While women have often been the focus of infertility concerns, a recent study has found that a man’s age can also have a significant influence on the chances of falling pregnant.
Men, unlike women, do not have a menopause or a predictable and detectable decline in their fertility. While female age is still considered the dominant factor in predicting (or explaining) a couple’s chance of conception, whether natural or assisted, this latest research is showing that a male’s age also plays a role in achieving a successful pregnancy.
The study of IVF treatment cycles from the US found a decline in success rates with increasing male partner age.
Investigator, Dr Laura Dodge from Beth Israel Deaconess Medical Centre and Harvard Medical School, Boston, presented the study’s results this month at the annual meeting of the European Society of Human Reproduction and Embryology (ESHRE) in Switzerland.
The study analysed all IVF cycles performed at a large IVF centre in the Boston region between 2000 and 2014, a total of 19,000 cycles performed in 7753 couples.
The study found that if the female partner was already 40-42 years old, the age of the male partner had no impact on success. However, if the female was younger, the cumulative incidence of birth (measured from up to six cycles of treatment) was significantly affected by the male partner’s age and was found to decline as the man grew older.
For example, in couples with a female partner aged under 30, a male partner aged 40-42 was associated with a significantly lower cumulative birth rate (46%) than a male partner aged 30-35 (73%). Similarly, in couples with a female partner aged 35-40, live-birth rates were higher with a younger man than with an older male partner.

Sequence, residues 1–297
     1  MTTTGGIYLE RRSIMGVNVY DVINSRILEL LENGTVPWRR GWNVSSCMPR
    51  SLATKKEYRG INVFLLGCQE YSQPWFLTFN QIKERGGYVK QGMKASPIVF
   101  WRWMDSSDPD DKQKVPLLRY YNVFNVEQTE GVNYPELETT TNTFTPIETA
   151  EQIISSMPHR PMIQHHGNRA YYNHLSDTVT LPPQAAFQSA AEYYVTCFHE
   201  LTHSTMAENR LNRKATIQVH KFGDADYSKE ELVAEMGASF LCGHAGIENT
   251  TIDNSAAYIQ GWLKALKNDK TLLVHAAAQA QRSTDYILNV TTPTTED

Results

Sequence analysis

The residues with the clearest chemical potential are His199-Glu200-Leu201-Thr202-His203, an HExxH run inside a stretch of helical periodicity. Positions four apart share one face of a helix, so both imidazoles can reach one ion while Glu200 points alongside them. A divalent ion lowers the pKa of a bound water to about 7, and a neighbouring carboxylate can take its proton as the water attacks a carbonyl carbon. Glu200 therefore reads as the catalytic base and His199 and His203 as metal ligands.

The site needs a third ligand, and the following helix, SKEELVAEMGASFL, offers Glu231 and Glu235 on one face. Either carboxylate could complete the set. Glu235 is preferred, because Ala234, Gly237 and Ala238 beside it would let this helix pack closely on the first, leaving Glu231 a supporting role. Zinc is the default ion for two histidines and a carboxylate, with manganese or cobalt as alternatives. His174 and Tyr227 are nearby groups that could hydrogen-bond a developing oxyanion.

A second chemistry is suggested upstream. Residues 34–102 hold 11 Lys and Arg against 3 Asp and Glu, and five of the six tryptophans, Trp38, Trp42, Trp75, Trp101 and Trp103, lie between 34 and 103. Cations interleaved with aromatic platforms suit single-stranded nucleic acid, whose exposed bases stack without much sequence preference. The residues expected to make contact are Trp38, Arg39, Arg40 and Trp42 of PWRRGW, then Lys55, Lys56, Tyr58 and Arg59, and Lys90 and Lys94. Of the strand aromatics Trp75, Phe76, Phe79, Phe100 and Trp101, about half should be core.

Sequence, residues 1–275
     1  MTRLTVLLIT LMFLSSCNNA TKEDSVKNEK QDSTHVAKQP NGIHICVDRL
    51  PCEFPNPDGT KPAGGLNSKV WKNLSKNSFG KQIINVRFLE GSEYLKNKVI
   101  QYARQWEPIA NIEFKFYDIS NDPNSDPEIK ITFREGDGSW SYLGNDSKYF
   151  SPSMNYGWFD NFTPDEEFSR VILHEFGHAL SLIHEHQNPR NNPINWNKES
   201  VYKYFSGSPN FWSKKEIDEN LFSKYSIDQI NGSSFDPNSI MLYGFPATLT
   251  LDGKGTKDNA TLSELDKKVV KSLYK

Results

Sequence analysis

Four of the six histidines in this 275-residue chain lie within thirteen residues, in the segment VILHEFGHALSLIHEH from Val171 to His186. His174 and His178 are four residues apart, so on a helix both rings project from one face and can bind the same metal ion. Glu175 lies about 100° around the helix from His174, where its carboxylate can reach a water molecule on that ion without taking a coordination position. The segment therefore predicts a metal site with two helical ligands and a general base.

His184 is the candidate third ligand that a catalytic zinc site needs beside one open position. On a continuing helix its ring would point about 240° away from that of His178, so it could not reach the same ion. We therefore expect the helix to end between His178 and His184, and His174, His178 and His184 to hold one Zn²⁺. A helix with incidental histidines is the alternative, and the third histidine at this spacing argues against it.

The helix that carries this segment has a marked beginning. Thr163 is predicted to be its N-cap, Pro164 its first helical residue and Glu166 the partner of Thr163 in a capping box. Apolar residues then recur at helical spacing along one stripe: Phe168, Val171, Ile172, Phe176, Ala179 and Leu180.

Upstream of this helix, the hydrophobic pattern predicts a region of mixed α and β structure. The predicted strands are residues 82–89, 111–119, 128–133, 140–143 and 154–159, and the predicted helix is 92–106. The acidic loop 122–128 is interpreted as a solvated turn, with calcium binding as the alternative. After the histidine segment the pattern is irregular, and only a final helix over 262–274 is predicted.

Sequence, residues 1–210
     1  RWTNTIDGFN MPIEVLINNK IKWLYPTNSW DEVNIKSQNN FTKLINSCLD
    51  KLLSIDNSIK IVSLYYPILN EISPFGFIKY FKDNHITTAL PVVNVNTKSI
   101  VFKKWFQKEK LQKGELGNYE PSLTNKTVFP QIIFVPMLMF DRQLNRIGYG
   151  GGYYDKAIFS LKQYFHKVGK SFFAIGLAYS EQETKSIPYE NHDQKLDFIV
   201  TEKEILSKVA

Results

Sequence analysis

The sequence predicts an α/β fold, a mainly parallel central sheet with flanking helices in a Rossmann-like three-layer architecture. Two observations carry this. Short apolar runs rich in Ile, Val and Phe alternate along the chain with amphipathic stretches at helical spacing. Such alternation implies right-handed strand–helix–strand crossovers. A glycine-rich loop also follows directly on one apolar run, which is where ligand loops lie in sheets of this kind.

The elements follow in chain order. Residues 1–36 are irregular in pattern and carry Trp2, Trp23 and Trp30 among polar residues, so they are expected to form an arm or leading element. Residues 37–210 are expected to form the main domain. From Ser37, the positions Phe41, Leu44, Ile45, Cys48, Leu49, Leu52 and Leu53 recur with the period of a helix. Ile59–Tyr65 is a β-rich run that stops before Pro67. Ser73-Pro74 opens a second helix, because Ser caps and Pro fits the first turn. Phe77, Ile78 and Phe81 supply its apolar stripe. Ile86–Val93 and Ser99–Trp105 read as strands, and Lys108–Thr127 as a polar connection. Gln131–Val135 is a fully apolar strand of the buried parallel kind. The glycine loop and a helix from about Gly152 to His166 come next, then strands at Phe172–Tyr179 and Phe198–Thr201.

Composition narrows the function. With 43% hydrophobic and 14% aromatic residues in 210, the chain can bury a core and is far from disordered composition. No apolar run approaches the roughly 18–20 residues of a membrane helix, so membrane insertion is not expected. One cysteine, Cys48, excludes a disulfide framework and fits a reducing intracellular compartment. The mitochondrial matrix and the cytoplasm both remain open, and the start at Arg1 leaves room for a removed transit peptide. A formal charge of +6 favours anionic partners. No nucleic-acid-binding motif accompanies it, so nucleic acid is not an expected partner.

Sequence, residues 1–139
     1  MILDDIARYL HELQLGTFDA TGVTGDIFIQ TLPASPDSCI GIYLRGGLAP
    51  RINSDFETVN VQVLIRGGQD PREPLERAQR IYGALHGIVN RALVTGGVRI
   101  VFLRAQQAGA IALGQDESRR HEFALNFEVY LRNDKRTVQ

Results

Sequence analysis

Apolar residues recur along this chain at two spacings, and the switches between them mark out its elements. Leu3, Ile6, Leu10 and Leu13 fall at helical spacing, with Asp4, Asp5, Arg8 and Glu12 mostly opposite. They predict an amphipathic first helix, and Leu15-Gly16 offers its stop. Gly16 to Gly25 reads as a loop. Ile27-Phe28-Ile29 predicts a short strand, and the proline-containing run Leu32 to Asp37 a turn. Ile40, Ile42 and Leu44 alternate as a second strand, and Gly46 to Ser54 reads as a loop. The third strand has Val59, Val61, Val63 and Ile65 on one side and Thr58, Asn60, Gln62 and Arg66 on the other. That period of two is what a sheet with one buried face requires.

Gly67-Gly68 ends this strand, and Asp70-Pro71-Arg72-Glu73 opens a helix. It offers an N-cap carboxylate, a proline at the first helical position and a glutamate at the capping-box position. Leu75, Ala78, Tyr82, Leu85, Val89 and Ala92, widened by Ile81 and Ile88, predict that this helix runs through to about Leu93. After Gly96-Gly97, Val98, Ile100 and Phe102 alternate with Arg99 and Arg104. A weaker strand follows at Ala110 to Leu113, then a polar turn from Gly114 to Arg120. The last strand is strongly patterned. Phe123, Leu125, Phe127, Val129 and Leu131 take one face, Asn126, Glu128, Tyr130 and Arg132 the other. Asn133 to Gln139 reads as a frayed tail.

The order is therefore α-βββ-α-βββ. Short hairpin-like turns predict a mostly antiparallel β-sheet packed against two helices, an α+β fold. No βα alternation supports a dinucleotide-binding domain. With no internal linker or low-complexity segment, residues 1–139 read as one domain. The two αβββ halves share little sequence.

Dr Dodge noted that even in natural conceptions, increasing male age was associated with a decreased incidence of pregnancy, longer time to pregnancy, and higher risk of miscarriage. The mechanisms, she added, were unclear but may include impaired semen parameters, increased sperm DNA damage, and epigenetic alterations in sperm that affect fertilisation, implantation, or embryo development.
However, in the absence of clear evidence of the mechanisms involved in what affects sperm quality, the best preconception advice was to maintain a healthy lifestyle, Dr Dodge said.
It is important to note that while the study’s findings have been presented at ESHRE they are yet to be peer-reviewed by other scientists and we should bear this in mind when considering the findings.
Recommended tips to boost sperm health
At City Fertility Centre we understand that you can’t always plan the exact age of when you would like to start trying to fall pregnant; however, we do recommend these tips to boost sperm health when you are trying to conceive:
- Quit smoking
- Restrict alcohol
- Limit caffeine
- Maintain a healthy weight
- Eat a balanced diet
- Exercise moderately
- Keep cool as overheating of testes can affect sperm quality
- Take vitamin supplements
- Eliminate recreational drugs
- Keep sperm from becoming sluggish by ejaculating every two days when your partner is ovulating
- Reduce stress
- Avoid exposure to environmental toxins.
Making the right choices about your health in the lead-up to conception will help give you a better chance of conceiving and of quality DNA being passed on for generations to come.
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